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Python hash() method

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  • Difficulty Level : Medium
  • Last Updated : 17 Sep, 2021

Python hash() function is a built-in function and returns the hash value of an object if it has one. The hash value is an integer which is used to quickly compare dictionary keys while looking at a dictionary.

Syntax of Python hash() method:

Syntax : hash(obj)

Parameters :  obj : The object which we need to convert into hash.

Returns : Returns the hashed value if possible. 

Properties of hash() function

  • Objects hashed using hash() are irreversible, leading to loss of information.
  • hash() returns hashed value only for immutable objects, hence can be used as an indicator to check for mutable/immutable objects.

Python hash() methods Examples

Example 1: Demonstrating working of hash() 

Python3




# Python 3 code to demonstrate
# working of hash()
 
# initializing objects
int_val = 4
str_val = 'GeeksforGeeks'
flt_val = 24.56
 
# Printing the hash values.
# Notice Integer value doesn't change
# You'l have answer later in article.
print("The integer hash value is : " + str(hash(int_val)))
print("The string hash value is : " + str(hash(str_val)))
print("The float hash value is : " + str(hash(flt_val)))

Output: 

The integer hash value is : 4
The string hash value is : -5570917502994512005
The float hash value is : 1291272085159665688

Example 2: Demonstrating property of hash() 

Python3




# Python 3 code to demonstrate
# property of hash()
 
# initializing objects
# tuple are immutable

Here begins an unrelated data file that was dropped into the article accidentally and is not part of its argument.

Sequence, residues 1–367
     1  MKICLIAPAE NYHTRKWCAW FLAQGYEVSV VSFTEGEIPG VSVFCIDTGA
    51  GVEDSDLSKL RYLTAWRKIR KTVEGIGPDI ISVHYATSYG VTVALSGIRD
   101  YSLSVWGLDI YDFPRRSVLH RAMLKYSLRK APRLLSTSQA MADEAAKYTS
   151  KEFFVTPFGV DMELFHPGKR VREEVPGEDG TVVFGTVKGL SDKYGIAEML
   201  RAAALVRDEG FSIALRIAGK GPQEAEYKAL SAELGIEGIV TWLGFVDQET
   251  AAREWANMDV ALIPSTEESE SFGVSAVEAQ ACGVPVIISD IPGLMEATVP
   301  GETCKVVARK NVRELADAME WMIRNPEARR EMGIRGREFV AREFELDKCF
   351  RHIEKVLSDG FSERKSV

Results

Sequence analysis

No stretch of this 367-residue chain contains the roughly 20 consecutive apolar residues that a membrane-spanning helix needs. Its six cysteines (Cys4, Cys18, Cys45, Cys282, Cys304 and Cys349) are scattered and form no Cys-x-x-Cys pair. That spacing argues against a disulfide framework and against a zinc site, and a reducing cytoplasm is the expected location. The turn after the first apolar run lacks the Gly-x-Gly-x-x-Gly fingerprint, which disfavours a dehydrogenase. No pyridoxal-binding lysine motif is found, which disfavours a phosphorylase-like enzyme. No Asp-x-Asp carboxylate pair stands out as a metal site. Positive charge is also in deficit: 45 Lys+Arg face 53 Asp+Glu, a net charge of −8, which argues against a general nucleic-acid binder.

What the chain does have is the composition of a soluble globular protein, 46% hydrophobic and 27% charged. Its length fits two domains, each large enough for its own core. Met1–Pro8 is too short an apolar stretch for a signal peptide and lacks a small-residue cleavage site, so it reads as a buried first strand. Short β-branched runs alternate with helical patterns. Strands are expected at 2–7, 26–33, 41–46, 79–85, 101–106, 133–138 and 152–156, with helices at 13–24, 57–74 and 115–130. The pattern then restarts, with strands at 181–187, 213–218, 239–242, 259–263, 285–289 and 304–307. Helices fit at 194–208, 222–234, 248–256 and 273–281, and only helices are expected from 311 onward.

tuple_val = (1, 2, 3, 4, 5)
 
# list are mutable
list_val = [1, 2, 3, 4, 5]
 
# Printing the hash values.
# Notice exception when trying
# to convert mutable object
print("The tuple hash value is : " + str(hash(tuple_val)))
print("The list hash value is : " + str(hash(list_val)))

Output: 

The tuple hash value is : 8315274433719620810

Exceptions : 

Traceback (most recent call last):
  File "/home/eb7e39084e3d151114ce5ed3e43babb8.py", line 15, in 
    print ("The list hash value is : " + str(hash(list_val)))
TypeError: unhashable type: 'list'

Example 3: hash() for immutable tuple object

Python3




# hash() for immutable tuple object
var = ('G','E','E','K')
 
print(hash(var))

Output:

5434435027328283763

Example 4: hash() on the mutable object

hash() method used by on immutable object, if we use this on a mutable object like list, set, dictionaries then it will generate an error.

Python3




l = [1, 2, 3, 4]
print(hash(l))

Output:

TypeError: unhashable type: 'list'

Example 5: hash() on a Custom Object

Here we will override the __hash()__ methods to call the hash(), and __eq__() method will check the equality of the two custom objects.

Python3




class Emp:
    def __init__(self, emp_name, id):
        self.emp_name = emp_name
        self.id = id
 
    def __eq__(self, other):
       
        # Equality Comparison between two objects
        return self.emp_name == other.emp_name and self.id == other.id
 
    def __hash__(self):
       
        # hash(custom_object)
        return hash((self.emp_name, self.id))
 
emp = Emp('Ragav', 12)
print("The hash is: %d" % hash(emp))
 
# We'll check if two objects with the same
# attribute values have the same hash
emp_copy = Emp('Ragav', 12)
print("The hash is: %d" % hash(emp_copy))

Output:

The hash is: -674930604243231063
The hash is: -674930604243231063


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